Mazda MX-5: Buyers' Guide
The appeal of the Mazda MX-5 is its tactile nature and elegant purity of design. Those attributes don't go out of fashion...
Launched 25 years ago, Mazda’s iconic MX-5 has proven that a well-executed, simple concept will succeed: after only 11 years, the two-door, two-seater became the world’s top-selling roadster when it passed the 514,852 mark set at the end of the MGB’s 18-year production run in 1980. Another eleven years on and MX-5 production topped 900,000, easily surpassing Porsche’s 700,000 911s – and very soon, Mazda will build the one millionth MX-5.
To create a natural successor to small, nimble European cars such as the Triumph Spitfire, MGB, Lotus Elan and Alfa Romeo Duetto, Mazda took the proven European concept of an uncomplicated two-door, two-seater convertible with a medium-sized four-cylinder, front-mounted engine and rear wheel drive. It then added some crucial ingredients in short supply amongst its European forebears: build quality, mechanical integrity and electrical reliability. Mazda prioritised careful design, good space utilisation, decent levels of occupant protection, respectable performance, sure-footed, adjustable handling and quality components, they provided spare parts, trained technicians and made sure that everything worked as it should – not just on the day it was delivered but for years and even decades afterwards.
In fact, some of the credit must go to US-born journalist Bob Hall, who worked for some time on Aussie titles such as Wheels: ten years earlier, Bob had answered a rhetorical question about what car Mazda should build – and his reply planted a seed with Mazda R&D chief Kenichi Yamamoto.
Five years later an internal competition saw front-engine, front-wheel-drive and mid-engined rear-wheel-drive coupe designs from Japanese studios beaten out by the more traditional drop-top sketch from a US studio. A working prototype was built by British company International Automotive Designs who were able to imbue many of the attributes that Hall insisted were vital to the ultimate success of the project.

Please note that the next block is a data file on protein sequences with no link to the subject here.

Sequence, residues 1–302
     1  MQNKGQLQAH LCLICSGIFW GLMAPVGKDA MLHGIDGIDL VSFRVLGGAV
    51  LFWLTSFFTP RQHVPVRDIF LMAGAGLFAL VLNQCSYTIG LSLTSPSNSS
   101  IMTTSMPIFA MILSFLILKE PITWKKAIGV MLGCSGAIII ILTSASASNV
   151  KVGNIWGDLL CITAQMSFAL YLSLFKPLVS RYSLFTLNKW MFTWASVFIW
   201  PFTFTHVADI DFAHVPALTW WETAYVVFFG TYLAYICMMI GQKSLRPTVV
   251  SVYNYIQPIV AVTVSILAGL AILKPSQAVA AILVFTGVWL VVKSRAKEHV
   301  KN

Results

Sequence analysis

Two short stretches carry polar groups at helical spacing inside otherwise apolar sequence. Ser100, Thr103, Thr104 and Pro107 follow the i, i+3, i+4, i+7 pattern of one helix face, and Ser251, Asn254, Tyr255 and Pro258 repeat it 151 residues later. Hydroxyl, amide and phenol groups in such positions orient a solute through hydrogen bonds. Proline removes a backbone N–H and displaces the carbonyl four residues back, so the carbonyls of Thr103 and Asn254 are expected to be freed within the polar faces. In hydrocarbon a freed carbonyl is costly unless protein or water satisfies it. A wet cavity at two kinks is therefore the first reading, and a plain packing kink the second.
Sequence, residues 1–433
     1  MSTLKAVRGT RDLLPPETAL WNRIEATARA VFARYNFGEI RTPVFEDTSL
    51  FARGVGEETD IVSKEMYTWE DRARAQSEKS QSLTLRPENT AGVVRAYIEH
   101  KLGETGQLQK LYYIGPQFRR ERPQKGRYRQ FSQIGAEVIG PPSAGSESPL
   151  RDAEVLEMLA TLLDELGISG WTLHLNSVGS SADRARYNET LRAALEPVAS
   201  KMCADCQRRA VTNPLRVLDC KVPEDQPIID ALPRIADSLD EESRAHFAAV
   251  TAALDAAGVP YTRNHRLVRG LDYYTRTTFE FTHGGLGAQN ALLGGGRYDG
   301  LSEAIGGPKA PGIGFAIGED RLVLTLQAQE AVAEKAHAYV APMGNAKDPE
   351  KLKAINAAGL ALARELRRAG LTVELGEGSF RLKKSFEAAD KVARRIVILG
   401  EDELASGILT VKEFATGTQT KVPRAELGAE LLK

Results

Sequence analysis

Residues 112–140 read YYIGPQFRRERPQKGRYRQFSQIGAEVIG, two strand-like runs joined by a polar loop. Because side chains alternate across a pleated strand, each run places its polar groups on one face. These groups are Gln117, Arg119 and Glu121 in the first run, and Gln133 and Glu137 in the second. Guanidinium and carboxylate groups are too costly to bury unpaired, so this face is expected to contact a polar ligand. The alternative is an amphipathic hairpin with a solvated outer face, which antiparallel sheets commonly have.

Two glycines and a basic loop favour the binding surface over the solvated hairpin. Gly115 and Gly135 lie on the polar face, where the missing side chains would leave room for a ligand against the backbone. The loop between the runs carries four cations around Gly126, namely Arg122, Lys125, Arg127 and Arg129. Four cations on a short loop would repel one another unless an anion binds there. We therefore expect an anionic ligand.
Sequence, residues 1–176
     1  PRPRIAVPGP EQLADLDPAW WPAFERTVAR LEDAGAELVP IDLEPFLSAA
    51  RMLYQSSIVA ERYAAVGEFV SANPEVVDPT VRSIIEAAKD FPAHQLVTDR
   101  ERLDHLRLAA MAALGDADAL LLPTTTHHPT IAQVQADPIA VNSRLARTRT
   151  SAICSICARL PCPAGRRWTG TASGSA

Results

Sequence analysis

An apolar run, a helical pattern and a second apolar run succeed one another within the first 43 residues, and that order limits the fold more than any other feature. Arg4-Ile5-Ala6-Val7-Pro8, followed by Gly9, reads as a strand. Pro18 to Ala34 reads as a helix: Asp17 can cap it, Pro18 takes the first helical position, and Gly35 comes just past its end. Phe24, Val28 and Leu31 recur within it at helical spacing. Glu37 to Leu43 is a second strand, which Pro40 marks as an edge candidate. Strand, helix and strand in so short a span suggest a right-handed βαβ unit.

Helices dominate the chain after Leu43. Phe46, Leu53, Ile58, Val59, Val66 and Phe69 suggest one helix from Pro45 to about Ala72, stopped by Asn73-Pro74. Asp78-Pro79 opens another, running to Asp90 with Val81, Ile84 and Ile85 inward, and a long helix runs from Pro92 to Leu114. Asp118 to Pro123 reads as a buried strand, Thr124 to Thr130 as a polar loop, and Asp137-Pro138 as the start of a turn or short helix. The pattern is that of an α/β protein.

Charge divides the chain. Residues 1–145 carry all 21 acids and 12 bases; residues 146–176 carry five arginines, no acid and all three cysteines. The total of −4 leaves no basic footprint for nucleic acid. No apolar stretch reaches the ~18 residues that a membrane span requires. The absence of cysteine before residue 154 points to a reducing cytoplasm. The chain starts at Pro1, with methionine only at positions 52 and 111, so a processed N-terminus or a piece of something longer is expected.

The MX-5 was one of the earliest applications of computer-aided design; it allowed engineers to come up with a strong, safe but lightweight body. With a minimalist approach, the car had fewer features, less bling and lighter weight. But it wasn’t a shoo-in – it had to clear many internal corporate hurdles before going into production in 1989 and it only did that through the superhuman efforts of chief engineer Toshihiko Hirai.
When it did finally appear, the MX-5 was a basic rag-top convertible – on paper. In reality, its 940kg kerb weight, twin-cam 1600cc engine and five-speed transmission combined to suggest much more performance than there really was and the car was an overnight sensation. Even though the engine was specially created for the MX-5 and was fuel-injected, it produced an unremarkable 86kW and early models included few luxuries. There were no radios or air-conditioning, the wheels were plain-Jane steel and the windows and steering were unpowered – yet the pop-up headlamps were a feature from the start. An automatic version was offered in some markets but, unsurprisingly, didn’t appeal to many buyers.
Later, all these features, plus optional leather upholstery, would gradually appear – first in Special Editions, then as options and finally as standard fitment.
So is the Series 1 the MX-5 to have? If you can find a genuine, low-mileage original, most probably, but don’t overlook the 100 turbocharged 157kW Series 2 SP cars that came to Australia in 2002. More isn’t always better though. As celebrity car collector Jay Leno said when considering his Series 1 MX-5, sitting modestly amongst acres of Ferraris and Porsches, "This is all you really need."
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